To add a device adapter to the automated build, use Visual Studio 2008 to add the device adapter project (a .vcproj file) to the MMCoreJ_wrap.sln or MMCoreJ_wrap_x64.sln. Under the device adapter's project properties, make sure the device adapter has this command under Build Events > Post-build Event:

copy "$(TargetPath)" ..\..\bin_$(PlatformName)

and a Linker > General > Output File of


Setting up library paths

The project files in the repository should have the correct path settings.

To deal with the flood of text in the Output window, in the Solution Explorer right-click and build one project at a time.

If in Visual Studio you get an error:

       Target(FOO) does not match the Linker's OutputFile property value (BAR) ...

You could right-click on the project > properties > Configuration Properties > General > Target Name and add the leading "mmgr_dal_" to the beginning of $(ProjectName) to satisfy it.

Setting up 64-bit support on Visual C++ Express

Visual Studio Express does not include 64-bit compiler support out of the box. To compile x64 libraries in addition to Win32, you need to install the Windows SDK:

After installation you should find the x64 specific libraries at a path similar to:

       C:\Program Files\Microsoft SDKs\Windows\v7.1\Lib\x64

To build your x64 project you would need to make sure this is in the 'Additional Library Directories' setting in your project, specifically in Project > Properties > Configuration Properties > Linker > Additional Library Directories. If you do not do this you will get linker errors similar to:

       LINK: fatal error LNK1181: cannot open input file FOO.lib

Building the C++ layer: MMCore and device adapters

You can build C++ part of the project by opening MMCoreJ_wrap.sln in MSDEV and running the full build. This will build the MMCore, Java wrappers and all device adapters. You can remove any device adapter project from the solution if you don't have the corresponding SDK or if you don't need to build it.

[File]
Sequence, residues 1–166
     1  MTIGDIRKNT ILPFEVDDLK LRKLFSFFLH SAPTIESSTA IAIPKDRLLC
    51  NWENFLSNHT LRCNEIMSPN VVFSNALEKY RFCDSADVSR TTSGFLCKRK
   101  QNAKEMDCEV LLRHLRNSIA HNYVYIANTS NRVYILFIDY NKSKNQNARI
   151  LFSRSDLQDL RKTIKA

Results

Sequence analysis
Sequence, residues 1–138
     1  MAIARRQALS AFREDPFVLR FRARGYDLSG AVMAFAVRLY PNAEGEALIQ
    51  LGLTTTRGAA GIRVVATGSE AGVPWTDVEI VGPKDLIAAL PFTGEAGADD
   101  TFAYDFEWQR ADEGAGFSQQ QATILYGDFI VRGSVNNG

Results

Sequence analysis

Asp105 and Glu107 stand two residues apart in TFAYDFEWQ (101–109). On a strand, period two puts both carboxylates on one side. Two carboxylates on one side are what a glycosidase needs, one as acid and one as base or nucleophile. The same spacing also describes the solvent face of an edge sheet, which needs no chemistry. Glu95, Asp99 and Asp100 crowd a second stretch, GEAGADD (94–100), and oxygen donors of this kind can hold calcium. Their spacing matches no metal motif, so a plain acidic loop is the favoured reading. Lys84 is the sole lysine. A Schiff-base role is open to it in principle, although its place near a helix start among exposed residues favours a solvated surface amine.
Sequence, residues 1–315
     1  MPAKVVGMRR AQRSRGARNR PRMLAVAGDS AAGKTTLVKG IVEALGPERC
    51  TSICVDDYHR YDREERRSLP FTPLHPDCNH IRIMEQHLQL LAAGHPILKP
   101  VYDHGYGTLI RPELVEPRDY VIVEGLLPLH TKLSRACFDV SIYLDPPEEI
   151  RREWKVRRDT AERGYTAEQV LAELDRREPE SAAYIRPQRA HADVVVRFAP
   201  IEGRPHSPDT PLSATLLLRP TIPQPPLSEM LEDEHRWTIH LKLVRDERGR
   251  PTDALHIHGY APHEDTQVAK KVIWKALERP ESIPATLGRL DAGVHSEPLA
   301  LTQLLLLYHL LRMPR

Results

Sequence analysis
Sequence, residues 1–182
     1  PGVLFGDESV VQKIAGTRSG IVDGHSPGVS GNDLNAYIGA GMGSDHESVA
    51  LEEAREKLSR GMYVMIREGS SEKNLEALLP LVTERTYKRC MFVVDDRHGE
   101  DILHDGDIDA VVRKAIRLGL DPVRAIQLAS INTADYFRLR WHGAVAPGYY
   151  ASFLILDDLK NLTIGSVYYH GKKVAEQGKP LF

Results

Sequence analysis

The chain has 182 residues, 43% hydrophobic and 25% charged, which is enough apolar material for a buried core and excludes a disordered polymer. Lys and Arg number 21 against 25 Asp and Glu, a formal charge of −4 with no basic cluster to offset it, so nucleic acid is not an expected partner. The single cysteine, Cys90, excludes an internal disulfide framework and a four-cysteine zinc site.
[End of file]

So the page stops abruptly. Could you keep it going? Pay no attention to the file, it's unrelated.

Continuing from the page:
Building the Java layer: Micro-Manager Studio

Java layer of the Micro-Manager can be build using the standard ANT utility with build.xml project file, located in the <root>/micro-manager-1.4/mmstudio directory. Before running the build the project file build.xml must be modified to specify paths for external libraries: ImageJ and BeanShell.


<!-- Specify the system path to the ImageJ root directory -->
<property name="ImageJPath" value="C:/Program Files/ImageJ"/>

<!-- Specify the system path to the beanshell jar -->
<property name="beanshell" value="C:/projects/3rdparty/BeanShell/bsh-2.0b4.jar"/>


In the mmstudio directory from the commandline, run:

     ant -buildfile build.xml cleanMMStudio compileMMStudio buildMMStudio

Building the full source in one step

To build the entire Micro-Manager project for Windows with a single command, µManager 1.4 provides a batch file in the source repository in buildscripts. You need to have the installed tools and libraries described above: ant, Java JDK, boost, zlib and some java jar stuff.

The precise versions of the libraries we use can be downloaded from:

Let's assume the following directory structure:

 \projects\3rdpartypublic  ---- various open source libraries
 \projects\micromanager    ---- the latest and greatest source code in the world

Double check the environment variable JAVA_HOME points to your jdk, e.g.

  C:\Program Files\Java\jdk

From the C++ source, you can build the 32 bit version with the free 'Express' version of Visual Studio, though per my understanding, you need at least the 'Professional' version to build the 64 bit binaries. As of this writing, we are using the 2008 version of Visual studio. It's been built and tested preliminarily with Visual Studio 2010 also.

To build the 32 bit binary, open a command prompt and type

 cd \projects\micromanager

The 64 bit binary is built as follows:


If you've got all the tools and libraries installed correctly, these scripts will build everything and automatically install µManager onto your system. By default, the builds are incremental, if you want to clean the binaries (don't know why this is ever necessary, except perhaps in the case of virus infections) specify FULL, e.g.

 buildscripts\Buildx64 FULL

The final step of the build makes the installer using InnoSetup, the current builds scripts assume it's installed in: